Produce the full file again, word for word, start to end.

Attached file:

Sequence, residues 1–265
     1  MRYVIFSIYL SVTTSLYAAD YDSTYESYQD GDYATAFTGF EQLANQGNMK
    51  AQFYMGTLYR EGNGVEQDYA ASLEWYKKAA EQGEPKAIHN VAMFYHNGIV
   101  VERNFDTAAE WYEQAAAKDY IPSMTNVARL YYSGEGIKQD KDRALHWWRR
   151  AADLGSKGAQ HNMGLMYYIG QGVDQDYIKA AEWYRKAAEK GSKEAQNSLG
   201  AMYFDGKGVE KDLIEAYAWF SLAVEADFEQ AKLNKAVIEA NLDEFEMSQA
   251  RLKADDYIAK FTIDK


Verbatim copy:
Sequence, residues 1–265
     1  MRYVIFSIYL SVTTSLYAAD YDSTYESYQD GDYATAFTGF EQLANQGNMK
    51  AQFYMGTLYR EGNGVEQDYA ASLEWYKKAA EQGEPKAIHN VAMFYHNGIV
   101  VERNFDTAAE WYEQAAAKDY IPSMTNVARL YYSGEGIKQD KDRALHWWRR
   151  AADLGSKGAQ HNMGLMYYIG QGVDQDYIKA AEWYRKAAEK GSKEAQNSLG
   201  AMYFDGKGVE KDLIEAYAWF SLAVEADFEQ AKLNKAVIEA NLDEFEMSQA
   251  RLKADDYIAK FTIDK